Some of you have known me a long time, some of you are brand new to my life. Others of you may only know me through Crossing Paths. In any case, welcome!
I created Crossing Paths in July of 2008. What inspired it was the fact that I was moving from a city, church and friends that I loved very much. I named this Crossing Paths because I wanted this technological venue to be a place where our paths could always cross, even when our roads may be far apart. There is also some intended double meaning, as the cross represents God’s ultimate love and sacrifice for us, and He is constantly giving us life lessons that bring us closer to Him, bringing our paths together with His. That has always been my aim with my posts.
I am a lifelong single man. In this day and age. that typically generates a myriad of questions ranging from my sexual orientation to my desire or ability to commit to a relationship. I understand those questions. They don’t offend me. Maybe at one time they did, but I’ve never been shy to share why I’ve remained single.
Don’t be mistaken. I’ve dreamt of being married, having kids and a family throughout my adult life. During my early to mid 20s, I was really exploring life. I went to college, I traveled in a Christian band, ministering in churches, schools, prisons, Indian reservations, on television and radio, and youth camps. I worked in Christian radio and banks. I volunteered with youth groups, as well as actively participated in leading worship. As I started to near 30 years old, I really began to explore what I hoped would be the next phase of my life. Being a husband, and hopefully, a father.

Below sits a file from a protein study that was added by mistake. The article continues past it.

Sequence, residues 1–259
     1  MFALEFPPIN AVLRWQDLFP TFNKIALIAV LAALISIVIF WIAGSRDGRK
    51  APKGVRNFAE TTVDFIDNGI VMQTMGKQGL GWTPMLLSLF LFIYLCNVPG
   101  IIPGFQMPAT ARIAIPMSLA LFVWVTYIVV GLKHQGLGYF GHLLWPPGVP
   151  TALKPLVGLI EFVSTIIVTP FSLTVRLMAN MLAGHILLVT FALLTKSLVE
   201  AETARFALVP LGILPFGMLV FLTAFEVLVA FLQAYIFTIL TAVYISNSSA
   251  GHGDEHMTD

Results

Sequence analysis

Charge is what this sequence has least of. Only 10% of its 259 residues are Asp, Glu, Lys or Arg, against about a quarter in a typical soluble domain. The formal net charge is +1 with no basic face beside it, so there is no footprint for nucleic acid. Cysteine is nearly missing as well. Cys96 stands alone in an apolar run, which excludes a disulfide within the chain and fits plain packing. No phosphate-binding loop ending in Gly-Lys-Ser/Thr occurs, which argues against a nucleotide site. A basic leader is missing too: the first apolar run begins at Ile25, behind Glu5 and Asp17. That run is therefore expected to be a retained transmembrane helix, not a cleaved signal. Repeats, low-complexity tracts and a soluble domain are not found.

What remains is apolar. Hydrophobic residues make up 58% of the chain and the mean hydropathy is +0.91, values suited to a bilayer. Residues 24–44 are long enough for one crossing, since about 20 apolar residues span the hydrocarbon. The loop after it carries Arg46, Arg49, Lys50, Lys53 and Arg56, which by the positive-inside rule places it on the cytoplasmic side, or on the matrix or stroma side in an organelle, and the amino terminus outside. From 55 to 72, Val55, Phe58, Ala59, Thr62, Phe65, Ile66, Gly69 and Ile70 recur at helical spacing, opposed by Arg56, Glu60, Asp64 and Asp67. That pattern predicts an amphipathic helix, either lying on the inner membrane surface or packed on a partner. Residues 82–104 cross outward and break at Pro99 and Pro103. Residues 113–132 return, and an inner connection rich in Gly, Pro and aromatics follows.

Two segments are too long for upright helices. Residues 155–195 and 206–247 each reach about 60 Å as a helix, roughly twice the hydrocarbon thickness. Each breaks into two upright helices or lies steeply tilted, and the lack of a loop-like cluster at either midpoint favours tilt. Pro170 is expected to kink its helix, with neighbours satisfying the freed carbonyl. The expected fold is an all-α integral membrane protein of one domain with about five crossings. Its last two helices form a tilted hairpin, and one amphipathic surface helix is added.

I watched videos, listened to tapes, read books. I studied the marriages and lives of my friends. I learned from the successes and failures that happened around me. I had relationships, but obviously, none of them led to marriage. I know I could have gotten married if I were wiling to go with the crowd and settle. But I chose to live by the motto, “I’d rather be single than wish I were.”
I have absolutely nothing against anyone I ever dated. Breakups are never easy. Even the smoothest of breakups are, at best, awkward. Sure, you could call them failures, but I see each of them as experiences that revealed who I am, who I want to be, and who I don’t want to be. As Thomas Edison said, “I have not failed. I’ve just found 10,000 ways that don’t work.”
God makes each of us unique. We may have similarities, but we have vast differences. Our experiences will shape us, one way or the other. The important thing is to remain true to who you are, while using the lessons from the “failures” as bricks in a stronger foundation for our character.
There have been times, even recently, when I have about given up. When it seemed my best days were behind me. Humans can only take so much rejection and failure. Am I just too difficult to live with? Are my hopes and expectations too high? Am I too this and not enough that? Have I failed God? Am I going to be alone the rest of my life?
Reaching the end of ourselves is where God is just beginning.